Twelve species, including the red squirrel, the gray long-eared bat, and the water vole, have now made the International Union for Conservation of Nature’s Red List of Threatened Species.
“The report highlights an urgent requirement for more research to assess population densities in key habitats because at present, uncertainty levels are unacceptably high,” Fiona Mathews, an environmental biologist and coauthor on the study, says in a statement. Farming practices, increasing urbanization, and the introduction of invasive species are some of the responsible elements.
While the “best available data” were used, they were at times insufficient to draw conclusions from, Nathalie Pettorelli of the Zoological Society of London who was not part of the study tells The Guardian. “That said,” she adds, “these caveats are more likely to underestimate the number [of] species at risk than overestimate.” According to The Independent, the researchers urged the necessity of gathering more data to better estimate species at risk.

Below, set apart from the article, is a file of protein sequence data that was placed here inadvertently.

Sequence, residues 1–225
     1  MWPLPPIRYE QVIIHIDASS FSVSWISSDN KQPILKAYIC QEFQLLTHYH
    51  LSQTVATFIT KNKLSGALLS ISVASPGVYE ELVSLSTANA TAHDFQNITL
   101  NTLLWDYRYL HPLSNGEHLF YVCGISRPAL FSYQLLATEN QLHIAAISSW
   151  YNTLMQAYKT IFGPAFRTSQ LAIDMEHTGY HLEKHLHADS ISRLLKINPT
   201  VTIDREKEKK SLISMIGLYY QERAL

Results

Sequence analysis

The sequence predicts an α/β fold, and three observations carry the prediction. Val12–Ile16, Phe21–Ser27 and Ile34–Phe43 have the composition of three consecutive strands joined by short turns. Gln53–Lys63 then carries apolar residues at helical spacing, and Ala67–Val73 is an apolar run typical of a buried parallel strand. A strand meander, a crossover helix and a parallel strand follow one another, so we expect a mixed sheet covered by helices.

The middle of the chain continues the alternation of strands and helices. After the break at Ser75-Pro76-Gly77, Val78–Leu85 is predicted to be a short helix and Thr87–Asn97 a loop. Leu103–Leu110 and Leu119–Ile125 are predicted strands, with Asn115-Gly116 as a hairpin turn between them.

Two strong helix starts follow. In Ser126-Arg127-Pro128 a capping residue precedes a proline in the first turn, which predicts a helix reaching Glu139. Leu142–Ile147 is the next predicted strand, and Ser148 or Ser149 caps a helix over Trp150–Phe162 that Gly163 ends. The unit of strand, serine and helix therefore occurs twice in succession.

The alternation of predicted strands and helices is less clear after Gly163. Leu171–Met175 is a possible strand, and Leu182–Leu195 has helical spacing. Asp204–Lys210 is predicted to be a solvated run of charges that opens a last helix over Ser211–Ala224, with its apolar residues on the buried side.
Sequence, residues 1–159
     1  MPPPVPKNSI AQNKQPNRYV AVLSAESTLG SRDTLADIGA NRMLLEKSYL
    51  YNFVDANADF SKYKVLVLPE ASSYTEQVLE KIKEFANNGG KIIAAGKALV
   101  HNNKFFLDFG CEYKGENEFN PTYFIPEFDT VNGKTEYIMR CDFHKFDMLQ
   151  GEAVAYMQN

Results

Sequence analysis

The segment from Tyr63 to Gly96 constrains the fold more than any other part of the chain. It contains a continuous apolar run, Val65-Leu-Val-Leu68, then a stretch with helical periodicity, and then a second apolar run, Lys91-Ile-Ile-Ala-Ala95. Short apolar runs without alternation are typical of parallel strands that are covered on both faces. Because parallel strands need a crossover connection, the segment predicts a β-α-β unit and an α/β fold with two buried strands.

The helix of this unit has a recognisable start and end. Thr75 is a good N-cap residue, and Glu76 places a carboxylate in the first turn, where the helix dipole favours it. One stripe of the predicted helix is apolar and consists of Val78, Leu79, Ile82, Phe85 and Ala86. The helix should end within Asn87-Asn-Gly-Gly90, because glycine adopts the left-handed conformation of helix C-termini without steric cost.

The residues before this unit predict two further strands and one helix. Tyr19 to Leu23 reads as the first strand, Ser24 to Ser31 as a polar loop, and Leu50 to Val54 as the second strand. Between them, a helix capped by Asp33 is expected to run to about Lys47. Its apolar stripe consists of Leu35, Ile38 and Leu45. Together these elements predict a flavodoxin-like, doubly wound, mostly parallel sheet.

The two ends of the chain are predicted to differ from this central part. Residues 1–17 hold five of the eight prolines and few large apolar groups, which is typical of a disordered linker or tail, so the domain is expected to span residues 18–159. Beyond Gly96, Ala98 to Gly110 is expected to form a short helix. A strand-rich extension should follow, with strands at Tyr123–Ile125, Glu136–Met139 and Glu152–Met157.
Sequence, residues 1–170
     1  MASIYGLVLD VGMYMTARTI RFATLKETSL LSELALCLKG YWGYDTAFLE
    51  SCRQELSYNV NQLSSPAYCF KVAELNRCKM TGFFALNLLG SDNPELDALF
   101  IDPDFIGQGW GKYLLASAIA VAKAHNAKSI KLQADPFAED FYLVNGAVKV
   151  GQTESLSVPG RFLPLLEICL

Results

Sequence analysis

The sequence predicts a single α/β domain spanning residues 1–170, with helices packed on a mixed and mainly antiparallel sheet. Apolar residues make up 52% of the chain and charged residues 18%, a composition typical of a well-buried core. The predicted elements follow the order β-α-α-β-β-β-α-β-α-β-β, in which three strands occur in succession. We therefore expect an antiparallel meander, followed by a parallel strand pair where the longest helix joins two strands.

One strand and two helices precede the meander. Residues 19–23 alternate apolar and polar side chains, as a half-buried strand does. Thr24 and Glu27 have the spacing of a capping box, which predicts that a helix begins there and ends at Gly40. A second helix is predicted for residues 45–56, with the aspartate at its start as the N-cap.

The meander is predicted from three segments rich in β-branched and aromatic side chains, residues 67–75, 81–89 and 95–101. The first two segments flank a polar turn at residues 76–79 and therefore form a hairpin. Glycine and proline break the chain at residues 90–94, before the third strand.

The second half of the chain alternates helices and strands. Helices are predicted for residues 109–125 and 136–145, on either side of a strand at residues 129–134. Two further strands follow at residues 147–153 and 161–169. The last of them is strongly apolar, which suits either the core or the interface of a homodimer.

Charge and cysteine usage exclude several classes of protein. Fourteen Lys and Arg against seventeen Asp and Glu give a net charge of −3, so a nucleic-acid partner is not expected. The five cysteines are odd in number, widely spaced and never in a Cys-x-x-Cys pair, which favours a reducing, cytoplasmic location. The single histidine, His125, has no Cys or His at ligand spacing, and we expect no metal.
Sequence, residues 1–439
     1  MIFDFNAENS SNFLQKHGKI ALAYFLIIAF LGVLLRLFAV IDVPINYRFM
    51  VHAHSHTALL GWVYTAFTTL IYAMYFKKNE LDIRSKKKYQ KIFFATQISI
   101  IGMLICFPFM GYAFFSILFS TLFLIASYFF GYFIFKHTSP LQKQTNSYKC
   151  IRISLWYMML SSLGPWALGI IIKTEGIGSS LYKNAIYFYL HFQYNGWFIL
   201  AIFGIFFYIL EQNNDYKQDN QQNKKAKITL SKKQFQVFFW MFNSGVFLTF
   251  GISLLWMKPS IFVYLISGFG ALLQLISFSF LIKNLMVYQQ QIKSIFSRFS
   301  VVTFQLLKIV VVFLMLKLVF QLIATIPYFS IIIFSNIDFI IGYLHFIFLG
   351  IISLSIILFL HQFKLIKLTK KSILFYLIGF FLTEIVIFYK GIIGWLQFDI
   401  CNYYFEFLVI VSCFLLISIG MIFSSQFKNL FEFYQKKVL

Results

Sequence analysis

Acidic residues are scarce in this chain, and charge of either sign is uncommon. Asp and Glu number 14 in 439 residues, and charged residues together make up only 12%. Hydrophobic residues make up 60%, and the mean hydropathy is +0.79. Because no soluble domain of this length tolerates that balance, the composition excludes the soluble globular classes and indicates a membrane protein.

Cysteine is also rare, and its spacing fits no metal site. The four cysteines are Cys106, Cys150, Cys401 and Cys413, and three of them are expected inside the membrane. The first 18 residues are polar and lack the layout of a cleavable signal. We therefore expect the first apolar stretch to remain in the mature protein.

“I think it provides us a launching pad for going forward in working out what to do in trying to conserve species in the country where necessary,” John Gurnell, an ecologist at Queen Mary University of London and coauthor on the study, tells BBC.
“You’ve got to have space for untidy nature to exist,” Darren Tansley of the Essex Wildlife Trust who was not involved in the study tells The Independent. He says conservation needs to be incorporated into infrastructure development.
According to The Guardian, Mathews says conservation can’t be restricted to protected areas but needs to extend to fringes, such as hedgerows where wild mammals are often found.
Since the last survey in 1995, numbers of certain mammals that were endangered, such as badgers and polecats, have increased, indicating conservation efforts have been fruitful.